‘Where words fail, music speaks’…… so said Hans Christian Andersen.

Indeed, and not disputed, but first, these words from SAME are not yet failing.

It is often said that music is a universal language: no-one but no-one is untouched by music. Sounds and music are in us from our very first breath and hearing – and even before – and as soon as intelligence abounds within the human, opinion, likes and dislikes of music – styles, genres, repertoire, tunes etc – form and are expressed. Put another way, everyone has an opinion on music and everyone is an expert! So far, so good.

What would life be like without music? It’s impossible even to consider such a question or situation. Music permeates every known aspect of life, is present in so many shapes and forms and engages with us all in one way or another – no, in many, many ways.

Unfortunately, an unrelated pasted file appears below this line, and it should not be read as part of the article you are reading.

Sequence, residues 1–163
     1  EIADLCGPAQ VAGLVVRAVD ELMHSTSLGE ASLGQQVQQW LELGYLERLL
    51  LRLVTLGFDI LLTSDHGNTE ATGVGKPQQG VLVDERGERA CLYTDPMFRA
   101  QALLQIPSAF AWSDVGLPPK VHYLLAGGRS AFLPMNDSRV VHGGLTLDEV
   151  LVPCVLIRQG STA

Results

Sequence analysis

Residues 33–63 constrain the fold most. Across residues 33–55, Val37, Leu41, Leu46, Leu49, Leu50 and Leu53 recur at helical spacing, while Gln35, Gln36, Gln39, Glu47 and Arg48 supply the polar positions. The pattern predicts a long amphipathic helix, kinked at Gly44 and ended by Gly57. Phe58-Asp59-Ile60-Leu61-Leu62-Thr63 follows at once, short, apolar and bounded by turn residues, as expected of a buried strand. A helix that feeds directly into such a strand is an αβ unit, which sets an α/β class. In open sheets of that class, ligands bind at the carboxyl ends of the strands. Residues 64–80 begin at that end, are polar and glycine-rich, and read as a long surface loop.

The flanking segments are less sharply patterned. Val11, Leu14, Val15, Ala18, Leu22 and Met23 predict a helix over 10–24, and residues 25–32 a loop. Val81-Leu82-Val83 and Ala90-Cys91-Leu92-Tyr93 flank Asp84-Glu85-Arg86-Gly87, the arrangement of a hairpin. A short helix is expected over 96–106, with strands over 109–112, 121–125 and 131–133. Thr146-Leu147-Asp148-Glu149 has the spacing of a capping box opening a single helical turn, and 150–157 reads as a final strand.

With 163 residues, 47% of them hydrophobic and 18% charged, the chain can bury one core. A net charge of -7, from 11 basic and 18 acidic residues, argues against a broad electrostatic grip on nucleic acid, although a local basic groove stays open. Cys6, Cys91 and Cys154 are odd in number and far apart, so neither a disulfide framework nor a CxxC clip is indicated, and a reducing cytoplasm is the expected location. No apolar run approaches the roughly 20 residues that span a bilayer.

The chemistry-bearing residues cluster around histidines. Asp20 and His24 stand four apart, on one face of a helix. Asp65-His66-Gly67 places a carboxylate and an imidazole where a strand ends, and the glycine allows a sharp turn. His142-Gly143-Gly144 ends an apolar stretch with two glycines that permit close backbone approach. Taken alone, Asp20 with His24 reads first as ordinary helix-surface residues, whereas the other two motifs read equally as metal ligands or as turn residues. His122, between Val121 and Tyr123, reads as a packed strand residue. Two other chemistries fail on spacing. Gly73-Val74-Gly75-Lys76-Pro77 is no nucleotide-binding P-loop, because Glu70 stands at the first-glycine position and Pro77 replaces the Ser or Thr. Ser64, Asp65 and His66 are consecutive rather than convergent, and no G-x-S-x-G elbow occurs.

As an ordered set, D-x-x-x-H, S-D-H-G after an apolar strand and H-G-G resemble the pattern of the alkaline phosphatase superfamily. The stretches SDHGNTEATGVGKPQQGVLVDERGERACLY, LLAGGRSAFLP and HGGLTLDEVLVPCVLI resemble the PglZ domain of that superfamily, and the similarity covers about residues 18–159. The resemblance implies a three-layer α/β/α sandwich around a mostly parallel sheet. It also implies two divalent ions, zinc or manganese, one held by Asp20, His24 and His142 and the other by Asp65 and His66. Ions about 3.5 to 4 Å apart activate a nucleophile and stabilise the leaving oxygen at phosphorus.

None of this is to suggest preference or to prioritise one style or genre of music over another – but there has to be universal recognition that any type of music – period, geographical or cultural basis or origin – is valid and accepted in society.

Music education is a vital component of life’s curriculum. Preparing and training the future music leaders, performers and teachers is a key function of music education and if an education system or even a civilisation starts to devalue the place of music, not only is there a lowering of music as a professional element in society, there would be an emerging loss of the power and effect of the benefits of music education, benefits such as contribution to enlightenment, to balance in life, to team participation and sharing, to a breadth of knowledge and experience – and many more besides. Who can deny or argue against the vital place of music in the wonderful work undertaken by music therapists and in the role of music with dementia sufferers.

Then there is the emotion of music as well as the music of emotion. Never was there a time when the health and wellbeing of all, both physical and mental, was more under a spotlight and the importance of music, nay the essentiality of it, is documented, understood and accepted in all corners of the world.